Since the opening of the Unified Patent Court last Thursday, it has received eighteen cases, a spokesperson told Kluwer IP Law. According to a report by patent attorney Joeri Beetz of Keltie LLP, the first European patent to be challenged appears to be EP3666797B1, a ‘very recently granted divisional of an Amgen patent application originally filed in 2008’.
On LinkedIn, Beetz pointed out the patent is classified in class A and should have been dealt with in the London section of the central division (In reaction others pointed out that the first IPC class is C 07 K – originally also destined for London). ‘Will Amgen (…) accept the competence of the Court? Or will they start with challenging the legality of the Presidium’s decision? Or maybe even the legality of the opening of the Court without the originally required UK ratification of the Agreement? Interesting times ahead.’
The judges of the Court of Appeal of the Unified Patent Court took their oath last Monday at the court room in Luxembourg. For the judges of the Court of First Instance, both legally and technically qualified, the oath taking ceremony took place on the court’s opening day last Thursday, at the courtroom of the 1st Civil Chamber of the Palais de Justice de Paris.
Although the general feeling is that the quality of the new UPC judges is absolutely fine, this doesn’t apparently mean overall enthusiasm about the court prevails. The UPC informed this blog that at 09:30 PM on 30 May, just before the CMS was closed for planned maintenance, the number of opt-outs was 465.247. As of 6 June 2:00 PM, this number had risen to approximately 499.000.
In a LinkedIn report last week, German and European patent attorney Florian Henke had published a similar number. After some calculation and explanation he concluded: ‘Under the assumption that only EP-patents in force have been opted out (no applications, no lapsed EP-patents), the present opt-out ratio can be estimated to be 61%. If pending EP-applications are taken into account, the opt-out ratio could still be higher than 45%.’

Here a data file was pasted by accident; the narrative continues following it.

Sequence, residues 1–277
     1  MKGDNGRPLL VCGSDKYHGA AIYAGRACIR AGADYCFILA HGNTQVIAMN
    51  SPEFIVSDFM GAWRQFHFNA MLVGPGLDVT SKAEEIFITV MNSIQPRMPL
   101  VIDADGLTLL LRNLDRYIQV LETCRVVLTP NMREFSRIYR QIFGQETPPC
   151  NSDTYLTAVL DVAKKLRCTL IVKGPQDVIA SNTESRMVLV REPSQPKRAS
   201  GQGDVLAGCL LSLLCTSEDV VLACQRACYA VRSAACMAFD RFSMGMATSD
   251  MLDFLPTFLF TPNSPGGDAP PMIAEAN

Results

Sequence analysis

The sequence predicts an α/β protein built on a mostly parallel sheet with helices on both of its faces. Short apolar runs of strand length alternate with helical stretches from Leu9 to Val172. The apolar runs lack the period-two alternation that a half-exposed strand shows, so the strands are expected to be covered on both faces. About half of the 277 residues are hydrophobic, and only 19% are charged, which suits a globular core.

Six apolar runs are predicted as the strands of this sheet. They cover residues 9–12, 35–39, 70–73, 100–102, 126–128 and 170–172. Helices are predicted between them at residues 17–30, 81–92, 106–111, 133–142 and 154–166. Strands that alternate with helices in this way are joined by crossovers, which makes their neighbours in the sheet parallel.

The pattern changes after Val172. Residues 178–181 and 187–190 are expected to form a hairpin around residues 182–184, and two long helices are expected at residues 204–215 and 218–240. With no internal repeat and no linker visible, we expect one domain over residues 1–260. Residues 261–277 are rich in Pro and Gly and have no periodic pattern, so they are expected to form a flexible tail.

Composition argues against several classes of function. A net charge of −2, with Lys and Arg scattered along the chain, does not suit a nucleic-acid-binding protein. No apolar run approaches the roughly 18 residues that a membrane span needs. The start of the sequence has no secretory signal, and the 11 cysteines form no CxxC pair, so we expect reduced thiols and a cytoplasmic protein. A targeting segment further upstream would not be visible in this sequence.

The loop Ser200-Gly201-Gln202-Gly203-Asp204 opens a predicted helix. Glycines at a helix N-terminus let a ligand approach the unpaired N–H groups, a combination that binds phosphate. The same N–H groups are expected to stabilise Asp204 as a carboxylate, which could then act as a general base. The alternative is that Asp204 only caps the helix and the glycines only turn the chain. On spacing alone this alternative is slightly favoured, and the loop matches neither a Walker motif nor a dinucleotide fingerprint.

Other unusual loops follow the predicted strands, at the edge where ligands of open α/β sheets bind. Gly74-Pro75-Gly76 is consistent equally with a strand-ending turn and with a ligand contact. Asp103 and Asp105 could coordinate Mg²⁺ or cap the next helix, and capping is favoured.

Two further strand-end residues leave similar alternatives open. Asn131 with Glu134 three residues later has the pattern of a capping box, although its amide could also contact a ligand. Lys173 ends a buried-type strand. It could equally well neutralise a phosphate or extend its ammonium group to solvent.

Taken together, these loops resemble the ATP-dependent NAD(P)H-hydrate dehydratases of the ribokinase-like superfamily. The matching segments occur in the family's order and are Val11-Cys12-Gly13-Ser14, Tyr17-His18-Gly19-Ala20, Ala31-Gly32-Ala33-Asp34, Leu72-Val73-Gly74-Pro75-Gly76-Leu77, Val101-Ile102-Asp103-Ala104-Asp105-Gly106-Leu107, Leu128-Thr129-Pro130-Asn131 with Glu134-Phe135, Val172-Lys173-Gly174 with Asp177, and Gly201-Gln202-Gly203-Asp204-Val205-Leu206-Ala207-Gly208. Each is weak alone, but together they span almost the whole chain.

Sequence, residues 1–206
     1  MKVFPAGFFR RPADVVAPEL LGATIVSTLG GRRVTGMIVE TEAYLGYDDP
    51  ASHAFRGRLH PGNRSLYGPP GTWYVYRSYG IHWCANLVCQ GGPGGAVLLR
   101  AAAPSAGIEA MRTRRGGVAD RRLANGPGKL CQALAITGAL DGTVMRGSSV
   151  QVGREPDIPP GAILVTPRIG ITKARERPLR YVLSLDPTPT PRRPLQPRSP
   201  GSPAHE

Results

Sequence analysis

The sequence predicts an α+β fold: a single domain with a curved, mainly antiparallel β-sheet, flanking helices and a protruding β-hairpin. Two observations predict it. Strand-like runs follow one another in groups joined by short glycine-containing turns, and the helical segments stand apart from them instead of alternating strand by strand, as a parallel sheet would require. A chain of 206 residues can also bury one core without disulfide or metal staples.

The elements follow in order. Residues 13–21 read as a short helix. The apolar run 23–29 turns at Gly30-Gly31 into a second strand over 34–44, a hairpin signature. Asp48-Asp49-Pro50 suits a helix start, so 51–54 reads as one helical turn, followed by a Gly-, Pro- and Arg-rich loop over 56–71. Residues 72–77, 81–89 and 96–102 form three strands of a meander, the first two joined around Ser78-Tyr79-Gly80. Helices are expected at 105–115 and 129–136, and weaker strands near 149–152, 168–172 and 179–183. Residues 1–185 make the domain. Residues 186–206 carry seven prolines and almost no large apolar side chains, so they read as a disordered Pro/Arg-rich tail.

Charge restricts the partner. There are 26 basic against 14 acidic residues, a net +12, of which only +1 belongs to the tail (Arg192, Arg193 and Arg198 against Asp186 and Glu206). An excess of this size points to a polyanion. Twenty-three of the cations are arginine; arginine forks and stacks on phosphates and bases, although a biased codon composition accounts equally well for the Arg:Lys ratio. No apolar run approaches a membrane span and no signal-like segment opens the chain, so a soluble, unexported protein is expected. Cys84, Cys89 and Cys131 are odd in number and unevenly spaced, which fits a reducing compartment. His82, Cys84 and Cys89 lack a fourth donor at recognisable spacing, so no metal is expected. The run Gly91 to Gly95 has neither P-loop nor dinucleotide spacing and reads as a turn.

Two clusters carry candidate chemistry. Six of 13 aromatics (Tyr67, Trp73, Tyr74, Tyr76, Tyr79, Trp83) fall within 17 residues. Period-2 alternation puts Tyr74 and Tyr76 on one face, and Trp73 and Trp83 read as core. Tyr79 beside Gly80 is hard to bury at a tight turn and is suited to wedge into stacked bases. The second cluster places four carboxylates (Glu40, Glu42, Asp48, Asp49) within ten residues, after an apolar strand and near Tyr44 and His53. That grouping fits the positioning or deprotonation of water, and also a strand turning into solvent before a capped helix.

The number of opt-outs is much higher than the court counted on. Its budget committee based the expected costs of the opt-out fee reimbursement (2.3.7.), which ‘represent the fee payable to Netservice for each opt-out lodged during the last three months of the PAP (the so-called “sunrise period”)’ on an estimated number of 50.000 opt-outs.
The high number is probably part of the explanation why the CMS of the UPC seemed at the verge of a breakdown over the last weeks. Luckily, the doom scenario of having to lodge documents in hard copy to opt out from the UPC’s competences, which at some point seemed realistic, didn’t materialize. The worst problems are over, according to the court in a report published the first of June. ‘During the morning, due to a high number of users accessing the system at the same time, the UPC Case Management System was occasionally slow and even though it did not cease to function, it was at times difficult to access all the functionalities of the system. The CMS has now been technically reconfigured to better cope with the number of users currently seeking the Courts services. The reconfiguration has been successful and the CMS is now running with an improved performance. (…) This means that pleadings and other documents shall be lodged with the Court in electronic form (…).’
In another LinkedIn report about the UPC, patent attorney Ahsan Shaikh of US law firm McDermott Will & Emery, writes: ‘As we await the reports of its initial cases, we note companies have begun bringing invalidity actions in EU national courts against European patents of their competitors that were previously opted “out” of the UPC. The purpose of those attacks is to prevent the patents from being brought back into the UPC for enforcement, on the assumption that the UPC will be more favorable than national courts for patent owners.’ It would be interesting to hear if others have noticed these kind of actions as well.
Language regime UPC
In the meantime, the court published more information about the language regime. Although for a moment it seemed that his wouldn’t be the case, the UPC local divisions in Germany, France and Italy will also offer English as language of proceedings.